The Definition of Forecasting Insanity

OK, I admit it, I used to be an addict. An addict to spreadsheets that is. Boy, I could macro with the best of them – in fact I even completed a few courses of VB 5 and 6. Holy cell references Batman, the 90s sure were fun for that sort of thing. Why did I get so into Microsoft Excel spreadsheets, macros and VB code? Well, I just needed to plan and forecast some stuff.

In those days I was heading up a Management Information and Systems team for a large publicly traded group of companies – 8 to be exact. Of course juggling all those companies with all those spreadsheets, (yep, I used to open up my workbooks and go for coffee while the dynamic links updated), was a nightmare. We knew the data had to be inaccurate. We gave it best guess in many instances. The data came to us in all sorts of forms. Every year, I would start from scratch and re-design everything to try and get rid of the bugs and formula errors that spreadsheets are so good at organically growing for you. Plus, business changed and trying to tweak the spreadsheets I had just proved to be too much hard work.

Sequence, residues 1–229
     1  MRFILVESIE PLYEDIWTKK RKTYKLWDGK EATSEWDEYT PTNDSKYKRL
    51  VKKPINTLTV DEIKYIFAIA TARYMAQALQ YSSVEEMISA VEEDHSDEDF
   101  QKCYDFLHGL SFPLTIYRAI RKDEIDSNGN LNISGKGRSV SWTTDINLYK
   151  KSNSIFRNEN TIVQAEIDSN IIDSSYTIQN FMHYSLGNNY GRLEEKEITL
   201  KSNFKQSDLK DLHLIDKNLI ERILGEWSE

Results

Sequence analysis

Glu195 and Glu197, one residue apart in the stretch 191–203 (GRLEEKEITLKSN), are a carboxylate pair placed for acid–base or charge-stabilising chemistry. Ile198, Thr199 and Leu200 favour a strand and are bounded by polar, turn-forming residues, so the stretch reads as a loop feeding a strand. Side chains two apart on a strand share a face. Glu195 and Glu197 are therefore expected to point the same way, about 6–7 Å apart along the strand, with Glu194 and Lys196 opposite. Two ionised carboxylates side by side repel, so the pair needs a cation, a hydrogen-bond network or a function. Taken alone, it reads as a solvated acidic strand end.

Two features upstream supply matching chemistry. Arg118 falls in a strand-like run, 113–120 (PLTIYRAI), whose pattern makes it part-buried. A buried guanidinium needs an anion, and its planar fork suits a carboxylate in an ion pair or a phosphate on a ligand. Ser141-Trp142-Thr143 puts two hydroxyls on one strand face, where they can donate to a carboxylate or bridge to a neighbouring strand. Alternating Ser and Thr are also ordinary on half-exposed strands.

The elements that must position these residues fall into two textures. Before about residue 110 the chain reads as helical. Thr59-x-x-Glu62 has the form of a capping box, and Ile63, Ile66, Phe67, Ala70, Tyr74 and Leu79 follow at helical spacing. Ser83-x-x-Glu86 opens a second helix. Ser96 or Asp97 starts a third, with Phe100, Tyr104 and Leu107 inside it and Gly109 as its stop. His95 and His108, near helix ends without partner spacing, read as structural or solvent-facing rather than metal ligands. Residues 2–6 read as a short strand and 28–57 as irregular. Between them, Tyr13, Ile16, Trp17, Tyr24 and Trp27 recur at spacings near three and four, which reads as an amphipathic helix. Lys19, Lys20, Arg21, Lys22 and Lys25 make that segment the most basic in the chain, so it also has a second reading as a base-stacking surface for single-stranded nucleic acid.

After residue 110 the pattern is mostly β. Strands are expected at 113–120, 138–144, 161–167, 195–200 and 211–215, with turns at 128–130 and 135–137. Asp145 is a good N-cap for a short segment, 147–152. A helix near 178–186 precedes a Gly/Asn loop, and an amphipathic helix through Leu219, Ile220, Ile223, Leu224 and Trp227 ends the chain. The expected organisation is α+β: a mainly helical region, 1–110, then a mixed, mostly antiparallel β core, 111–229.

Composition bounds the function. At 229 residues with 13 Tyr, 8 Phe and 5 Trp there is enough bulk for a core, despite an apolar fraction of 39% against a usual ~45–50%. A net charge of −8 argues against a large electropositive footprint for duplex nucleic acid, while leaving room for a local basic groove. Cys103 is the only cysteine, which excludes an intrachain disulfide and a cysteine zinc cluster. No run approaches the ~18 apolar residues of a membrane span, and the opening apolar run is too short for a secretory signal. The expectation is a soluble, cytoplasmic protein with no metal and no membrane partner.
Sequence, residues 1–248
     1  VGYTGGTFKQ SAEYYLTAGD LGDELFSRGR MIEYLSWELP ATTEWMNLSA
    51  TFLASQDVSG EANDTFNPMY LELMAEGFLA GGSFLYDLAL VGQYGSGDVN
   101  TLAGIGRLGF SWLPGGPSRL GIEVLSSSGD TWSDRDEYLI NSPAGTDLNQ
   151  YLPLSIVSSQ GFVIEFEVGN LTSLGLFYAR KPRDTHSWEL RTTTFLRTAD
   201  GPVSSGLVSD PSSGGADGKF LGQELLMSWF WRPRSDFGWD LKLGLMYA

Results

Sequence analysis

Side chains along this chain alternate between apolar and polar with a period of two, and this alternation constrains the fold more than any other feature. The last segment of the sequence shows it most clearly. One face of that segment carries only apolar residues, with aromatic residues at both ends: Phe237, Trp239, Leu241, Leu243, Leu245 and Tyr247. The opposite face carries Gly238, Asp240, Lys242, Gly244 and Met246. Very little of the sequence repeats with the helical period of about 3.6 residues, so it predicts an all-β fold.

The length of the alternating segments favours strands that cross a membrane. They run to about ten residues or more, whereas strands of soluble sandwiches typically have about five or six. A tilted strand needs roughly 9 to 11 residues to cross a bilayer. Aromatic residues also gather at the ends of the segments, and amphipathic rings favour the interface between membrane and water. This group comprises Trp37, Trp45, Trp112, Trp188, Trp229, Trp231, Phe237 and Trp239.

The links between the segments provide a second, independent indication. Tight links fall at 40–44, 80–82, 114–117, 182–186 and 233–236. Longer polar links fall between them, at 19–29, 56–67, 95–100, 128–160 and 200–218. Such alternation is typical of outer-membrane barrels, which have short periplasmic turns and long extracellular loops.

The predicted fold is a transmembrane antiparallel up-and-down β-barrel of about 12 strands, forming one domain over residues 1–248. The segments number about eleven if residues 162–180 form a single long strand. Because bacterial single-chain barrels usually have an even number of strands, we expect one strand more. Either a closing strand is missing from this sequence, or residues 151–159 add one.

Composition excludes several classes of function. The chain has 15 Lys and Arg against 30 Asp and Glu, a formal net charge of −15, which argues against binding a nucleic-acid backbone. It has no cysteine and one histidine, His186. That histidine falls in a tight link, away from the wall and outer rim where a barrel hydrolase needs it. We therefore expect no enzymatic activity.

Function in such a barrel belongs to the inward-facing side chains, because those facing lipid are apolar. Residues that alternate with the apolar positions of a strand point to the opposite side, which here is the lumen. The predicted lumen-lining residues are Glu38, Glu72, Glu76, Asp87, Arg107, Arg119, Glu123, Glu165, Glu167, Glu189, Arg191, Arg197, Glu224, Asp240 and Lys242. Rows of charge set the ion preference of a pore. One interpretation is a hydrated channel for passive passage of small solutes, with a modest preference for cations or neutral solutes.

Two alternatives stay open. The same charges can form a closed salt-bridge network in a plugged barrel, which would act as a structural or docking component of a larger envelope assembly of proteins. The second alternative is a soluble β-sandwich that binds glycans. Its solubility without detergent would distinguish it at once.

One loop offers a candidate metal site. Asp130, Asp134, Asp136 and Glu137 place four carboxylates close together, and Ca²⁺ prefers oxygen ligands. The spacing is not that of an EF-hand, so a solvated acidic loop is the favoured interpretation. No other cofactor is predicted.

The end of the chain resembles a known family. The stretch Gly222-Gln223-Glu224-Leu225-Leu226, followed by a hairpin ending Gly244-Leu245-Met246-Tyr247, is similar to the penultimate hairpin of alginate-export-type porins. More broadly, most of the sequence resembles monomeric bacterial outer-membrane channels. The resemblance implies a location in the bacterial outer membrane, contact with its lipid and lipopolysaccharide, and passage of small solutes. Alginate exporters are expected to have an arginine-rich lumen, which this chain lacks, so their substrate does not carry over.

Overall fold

At times I think the spreadsheets were working against us like HAL in 2001 Space Odyessy …

I’m sorry Dave …

Of course the reason I kept redesigning the spreadsheets was because I expected a different, more accurate result the next time. But, as we all know, that’s just insanity when it comes to spreadsheets and forecasting. They’ll always give you the same result – just never the one you want.

So, having been in the planning and analytics game for many years now, I can’t help wondering why people still rely so heavily on spreadsheets for such a critical process. Share a spreadsheet with anymore than one person and things start to go wrong. Try to change the spreadsheet model too much and things start to get dicy. Use one of these enterprise applications and things get, well, that’s for another post.

But, we’ve moved on now. At least those in know have. New kids are coming on the block that really get the issues.

So, in my opinion, to continue to use spreadsheets as a mainstay for the critical decisions organizations have to make is the definition of forecasting insanity.

Let’s all move on.

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